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Chapter 1

Essential Animal Behaviour Chapter 1.doc

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Department
Psychology
Course
PSY352H5
Professor
Robert Gerlai
Semester
Winter

Description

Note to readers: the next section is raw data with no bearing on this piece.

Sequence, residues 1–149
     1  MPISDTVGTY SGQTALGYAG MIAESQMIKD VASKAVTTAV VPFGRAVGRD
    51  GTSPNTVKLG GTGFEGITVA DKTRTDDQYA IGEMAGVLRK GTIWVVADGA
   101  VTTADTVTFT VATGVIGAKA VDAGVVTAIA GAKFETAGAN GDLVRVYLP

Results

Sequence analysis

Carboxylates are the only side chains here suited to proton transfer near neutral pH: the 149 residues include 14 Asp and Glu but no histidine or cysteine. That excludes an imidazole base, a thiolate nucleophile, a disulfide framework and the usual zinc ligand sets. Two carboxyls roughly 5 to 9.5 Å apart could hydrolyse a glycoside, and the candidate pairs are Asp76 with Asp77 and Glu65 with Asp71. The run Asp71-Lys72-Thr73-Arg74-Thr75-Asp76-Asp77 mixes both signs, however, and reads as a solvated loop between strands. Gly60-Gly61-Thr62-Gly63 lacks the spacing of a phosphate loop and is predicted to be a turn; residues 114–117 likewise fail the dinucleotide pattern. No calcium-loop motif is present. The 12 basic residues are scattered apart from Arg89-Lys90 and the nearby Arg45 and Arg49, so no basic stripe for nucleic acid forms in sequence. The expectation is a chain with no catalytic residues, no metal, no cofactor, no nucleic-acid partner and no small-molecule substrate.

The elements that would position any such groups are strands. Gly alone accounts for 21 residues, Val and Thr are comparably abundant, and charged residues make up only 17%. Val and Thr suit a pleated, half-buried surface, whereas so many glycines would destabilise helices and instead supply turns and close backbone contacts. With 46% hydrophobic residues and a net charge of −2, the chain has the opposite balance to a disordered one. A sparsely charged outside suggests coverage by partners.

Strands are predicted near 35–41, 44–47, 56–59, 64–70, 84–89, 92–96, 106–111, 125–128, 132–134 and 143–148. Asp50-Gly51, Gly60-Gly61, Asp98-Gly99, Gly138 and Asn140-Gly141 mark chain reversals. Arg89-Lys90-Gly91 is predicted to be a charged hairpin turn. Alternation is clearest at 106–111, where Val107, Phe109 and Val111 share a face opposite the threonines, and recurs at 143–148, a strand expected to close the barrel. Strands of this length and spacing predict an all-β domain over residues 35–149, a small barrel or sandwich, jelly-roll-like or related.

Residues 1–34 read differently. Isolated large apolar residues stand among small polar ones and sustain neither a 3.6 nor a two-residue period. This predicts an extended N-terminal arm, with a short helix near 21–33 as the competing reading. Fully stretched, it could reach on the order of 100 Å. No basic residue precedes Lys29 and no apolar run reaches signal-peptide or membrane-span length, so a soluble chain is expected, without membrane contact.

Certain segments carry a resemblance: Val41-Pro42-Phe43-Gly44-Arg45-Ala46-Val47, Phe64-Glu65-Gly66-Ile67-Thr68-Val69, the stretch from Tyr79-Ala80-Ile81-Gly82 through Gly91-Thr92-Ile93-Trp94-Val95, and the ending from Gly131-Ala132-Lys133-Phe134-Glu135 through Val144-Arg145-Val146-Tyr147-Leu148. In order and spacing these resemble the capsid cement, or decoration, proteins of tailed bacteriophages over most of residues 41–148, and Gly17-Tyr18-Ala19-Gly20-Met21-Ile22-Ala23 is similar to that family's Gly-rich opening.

ESSENTIAL ANIMAL BEHAVIOUR: AN INTRODUCTION • People have probably always been fascinated by the behavior of animals. Indeed an understanding of the behavior of prey animals must have been essential to our early ancestors; their paintings on the walls of caves suggest that they could have been fairly familiar with behavioral concepts such as herd size and migration. • The earliest stock-farmers would have needed to understand the behavior of the charges in their care just as their modern counterparts do today. • The field of animal behavior is diverse and may be studied from a variety of perspectives. • It is useful to consider behaviors as adaptations. • A single behavior will not serve, or serve the same purpose in all situations, and behaviors are adapted to be effective in the environment of the animal performing them. • It is wrong to think of animal behavior as a general interest or a purely academic subject. The study of animal behavior is an important science which has a clear applied context. Cephalopod inking behaviour • Many species of octopus and squid are known to exhibit a particularly effective behavior that enables them to escape from predators. • In the region of their intestines the animals have a special sac-like organ. In the wall of this sac there is a gland which secretes a brown or black liquid rich in the pigment melanin, this is ink. • When threatened the animal has the ability to compress the ink sac and squirt a jet of the liquid from its anus. • It is thought that the cloud of ink hanging in the water forms a dummy squid termed a pseudomorph, which attracts and holds the attention of the predator allowing the animal to dart away to safety. • The deception is made all the more effective because long thin species produce long thin pseudomorphs and more round species produce rounder clouds of ink. • Squid and octopus are molluscs, taxonomic relatives of the garden slug and snail. • Can you imagine a slug squirting out ink to leave a pseudomorph hanging in the air to decoy a bird predator while the slug made its escape? • Of course you can’t, for the simple reason that this behavioral strategy can only work when the animal is surrounded by a medium that will support the ink cloud for a sufficient period to allow the escape. In water this works, but in the less dense medium of air it would not. • Some species of octopus and squid are inhabitants of the ocean depths. Here light penetration from the surface is minimal or zero and the seawater is a constant inky black. • Obviously the ink-dummy strategy would be no more effective here than it would be in air. The pseudomorph would hang in the water column, but it is unlikely that an ink-black shape would be seen against the inky-black backdrop. • In this situation species such as the deep-water squid Heteroteuthis secrete a luminescent ink, creating a brief flash of light which is thought to confuse a potential predator just long enough for an escape to be affected. • From this example I hope that I have made a few key points about behavior. • Firstly, that behaviors are adaptations which serve specific functions, and we will consider this point further later in this chapter. • Secondly, that a single behavior may not serve, or serve the same function, in all situations (a point to be borne in mind throughout this book). • Finally, behaviors are adapted to be effective in the environment of the animal performing them. What is behaviour? • Before investigating the amazing diversity of behaviors that animals exhibit, it is necessary for us to gain some insight into the concept of behavior itself. • We need to decide what the word behavior means to us in the current context and to examine the various avenues open to us for the study of animal behavior. • So what is behavior? Dictionary definitions of the word typically include phrases such as “acting or functioning in a specified or usual way.” This suggests to us that behavior is a predictable thing. • Another common phrase is “the response of an organism to a stimulus.” This suggests that behaviors are made to happen by something. In the case of this definition the “something” concerned is not specified, and may be internal or external to the animal involved. • Each of these ideas is in its own way an adequate response to the question. Behaviors are in many cases predictable given sufficient information concerning their context (although many appear initially to be highly unpredictable). Similarly behaviors are often linked to a stimulus in an immediate sense at some level. • The shortcoming of such definitions, however, is that they attempt to narrowly confine behavior in an easily described and highly specific way. Given the diversity of behavior such an approach may not be appropriate, because as humans we often think of different behaviors in very different terms. • Take for example breathing, swimming, and learning. Each of these words describes a behavior for which the definitions presented above would be sufficient. However as humans we would probably not think of them as being equivalent conceptually. • We would consider breathing to be an involuntary process and may not even consider it to be a behavior at all because of that. • Swimming, on the other hand, is clearly an active process, we tend to think of it as having a motivation or goal. • Learning we think of in different terms again. We have a tendency to place it into a higher class of processes, which require a higher level of mental ability. • So as a result of our own preconceptions about the words we use to label behaviors, and their obvious diversity, it will be much more useful for us to adopt a very broad definition of behavior in this book. • Put more simply then behavior is a property of all living things and whenever we observe an animal to be engaged in any activity (voluntary or involuntary) we are witnessing behavior. Indeed it could be said that the only animal not behaving is a dead animal! • This is an important point to remember. Although we may feel that a sleeping seal or a motionless sea-snake are doing nothing, they are in fact behaving. The act of sleep is a behavior in its own right, and the snake is quite probably poised to strike at passing prey, tensing a host of muscles in readiness and taking in and processing a wealth of information about its environment. There can be no doubt that it is behaving. Focus on anthropomorphism • Anthropomorphism is the attribution of human feelings and emotional states to animals. As humans we are aware of three mental experiences: feelings (pain, pleasure, etc.), motivations (the purposes of our actions), and thought. • Our current understanding of nonhuman animal species does not allow us to say that they experience the same (of course nor does it preclude common mental experiences). • Throughout the development of the field of animal behavior anthropomorphism and the use of anthropomorphic language has been frowned upon by some as a bar to clarity of expression, and in the extreme as a bar to the progression of science. • However, given the “human baggage” associated with many of the words we use in describing behavior (e.g. aggression, hierarchy, motivation), it is inevitable that a degree of anthropomorphism will occur. • Throughout this text I have endeavored to avoid unwarranted anthropomorphism; in reading it I would ask that you do the same. Concept: The scientific method • The scientific method is a four-stage approach that we can use to explore animal behavior. • First we make observations of a behavioral phenomenon. • Then we use these observations to formulate a hypothesis to explain the behavior. • This may lead us to make further predictions concerning the behavior. • Finally we design, carry out, and evaluate experiments to test our hypothesis and predictions. Approaches to the study of animal behaviour • The effective study of animal behavior requires observation and experimentation. Before we have any chance of understanding a behavior fully we must observe that behavior, in its natural context, and in its entirety. • The careful description of a behavior pattern or a sequence of behaviors allows us to identify all of the relevant components and to link their performance to the wider context of the physical and biological environment of the animal. • From such a knowledge base we are able to develop our own ideas about that behavior, to speculate upon its function, and upon the factors which control it. • In the language of science we are able to generate testable hypotheses. • These are carefully worded questions that we hope to answer via carefully designed experiments where specific factors surrounding behavioral performances are monitored and manipulated. • Animal behavior can be studied at two key levels. • At the physiological level we might be interested in the mechanism by which a behavior actually occurs. By this I mean in what way do the biochemistry, nerves, muscles, and senses of an animal interact to result in a particular behavior? • Equally interesting, however, are questions related to the whole animal and the world external to it. At this level we might consider the performance of a behavior in relation to the environment in which it is performed, to the wider ecology of the animal, or to its social experiences. • This kind of whole animal observation could be carried out in the field – in the natural environment of the animal – or it could be carried out in the laboratory where a controlled environment more readily permits experimentation. • In recent times, however, these distinctions have blurred and it is now commonplace to have “field” simulations in the laboratory and experimental manipulations in the field. • The most significant recent development in the process of the study of animal behavior must however be the advent of powerful user-friendly computers. Via computer models behavior can be simulated, and “experiments” carried out and evaluated without the involvement of any animal (other than the human operator) and often at a fraction of the cost of a more traditional line of investigation. • Such an approach undoubtedly has value, but a model is only as good as the data provided to it, and it will never replace the study of living animals. Asking questions in the study of behaviour • We further the study of animal behavior by posing (and hopefully answering) questions, which are carefully constructed to take into account previous observations (and the answers to previous questions). Although the actual number of specific questions that we can ask is huge, there are a relatively small number of types of question that need concern us: • What is behavior X? • The simplest way to answer this question would be to provide a description of the behavior. A more sophisticated answer might consider the raison d’être of the behavior, and in doing so the question would overlap with those below. • When does behavior X occur? • We might address this question in a number of ways. Perhaps we are asking at what time of year/day does it occur? Alternatively the question could relate to a life stage (is the behavior performed by mature animals only?). We could also be interested in the position of this behavior within a behavioral sequence (does the animal always do X after Y? or does one animal always do X if another animal has just done Z?). • Why does behavior X occur? • This is perhaps the most often asked question during studies of animal behavior and it is certainly the question which is given the most weight. Tinbergen’s four question • In 1963 Niko Tinbergen, a recognized pioneer of the study of animal behavior, suggested that there are four ways in which we can ask the question “why?” • Such is the importance afforded to Tinbergen’s four questions that it is worth spending some time on them so that we can be sure that we understand the subtleties of the distinctions between these four ways of asking “why?” • It is also important to remember that no one of the possible answers to the question “why?” that we might discuss is more important than any other. They complement one another and together help us to appreciate the wider picture. Why do cephalopods ink? • We started this chapter with a description of the way in which some species of cephalopod mollusc eject a cloud of ink as part of their antipredator behavior. • As enquiring animal behaviorists we should not be satisfied with a description of the behavior, we should ask the question why does it happen? • Tinbergen suggested that to fully explore the behavior we should ask why? in terms of the causation of the behavior, in terms of its evolution, of its function, and of its ontogeny. Causation • What causes a cephalopod to ink? The highly developed sensory organs of the cephalopods allow an animal to continually receive a wealth of information regarding its environment. The animal processes this information and specific environmental stimuli elicit specific responses. • If the animal is threatened with immediate danger a sequence of nerve impulses trigger the activity of the ink sac, an effector organ (i.e. an organ which carries out the response to a stimulus). Upon stimulation the ink sac compresses and the duct sealing it from the rectum opens. A jet of ink is expelled through the rectum and out of the anus. In the environment the ink forms either a pseudomorph or a diffuse cloud, depending upon the species involved. • In thinking about the roles of sense organs, nerves, and muscles we have already considered the mechanics of inking behavior, and so we have begun to examine the causal mechanisms of this behavior in an immediate sense. We might go further, however, to better understand the role of the recent experiences of the animal in the process. • Inking is relatively costly because it involves the production of an energetically expensive substance. For this reason it is usually a behavior of last resort. Typically an individual may have attempted to remain undetected through camouflage (crypsis behavior) or to frighten or confuse its attacker by performing one of a range of diematic behaviors. • Examples of diematic behavior include changing color rapidly to startle a predator or adopting a threatening body posture. We should therefore consider failure of crypsis and diematic behavior as being causal factors of inking. Evolution • Behaviors do not fossilize in the same way that body parts do. For this reason we can say little about the very recent evolution of inking behavior, or about its continuing development in the face of improvements in the ability of predators to detect the bluff, as must surely happen. • However, by looking at the family tree of the molluscs, and at that of the cephalopods particularly, we can say something about the longer-term evolution of the behavior. • Inking is not a general property of the molluscs, it is restricted to the class Cephalopoda. This tells us that the behavior has evolved more recently than at the point at which the cephalopods diverged from the other molluscs. • Further investigation reveals that not all cephalopods have an ink sac. The order is subdivided into two subclasses, the Nautilioidea (none of the species of nautilus has an ink sac) and the Coleoidea (most of which have an ink sac). Inking must thus be a relatively recent evolution within the subclass Coleoidea, the squids and octopuses. • Further examinations of differences and similarities in inking behavior between the various octopus and squid families would allow us to gain yet more insights into the evolution of the behavior, and may help us to better understand why it has evolved. Function • The function of inking behavior is very easy to understand. The behavior allows an animal to escape, thereby ensuring its survival and contributing to its fitness. (Fitness in this context equates to reproductive fitness and is a measure of the organism’s success in passing on its genes – after all a dead animal cannot pass on its genes.) • If inking is so effective why do some octopus and squid use it only as a last resort? As we have already mentioned inking probably has a high cost associated with it, whereas the behaviors involved in crypsis are probably far less costly. It would be better for an individual to rely on less costly behaviors where possible, because by doing so it may save energy with which its fitness might be enhanced. For example, we could speculate that by not using and replacing ink an animal may be able to spend more energy producing a greater number of eggs or sperm. Ontogeny • We might expect such a useful behavior as inking to be performed by all animals throughout their lives. After all the cephalopods have many predators. However, this is not always the case. The young of the blue-ringed octopus (Hapalochlaena lunulata) eject ink during the first few weeks of life, but after that they never do. H. lunulata is highly venemous – perhaps this proves a sufficient detterent to predators of adults, but not to those preying upon the young animals. • Antipredator behavior must therefore continue to develop and be refined throughout the lifetime of the animal in at least some species. The cover of this book shows just how striking the blue-ringed octopus is. Focus on heredity and natural selection: • That there is considerable variation among the individuals within a species. • That this variation is passed from parents to their offspring through their genes. • That many more individuals are produced than can ever survive to mature and reproduce. • From these basic building blocks, together with a prodigious amount of patient work and probably a touch of genius, Charles Darwin was able to construct his theory of evolution by natural selection. • Long before the importance of genes was appreciated he realized that some heritable property of certain individuals placed them at an advantage relative to others of their kind. Through time the diffe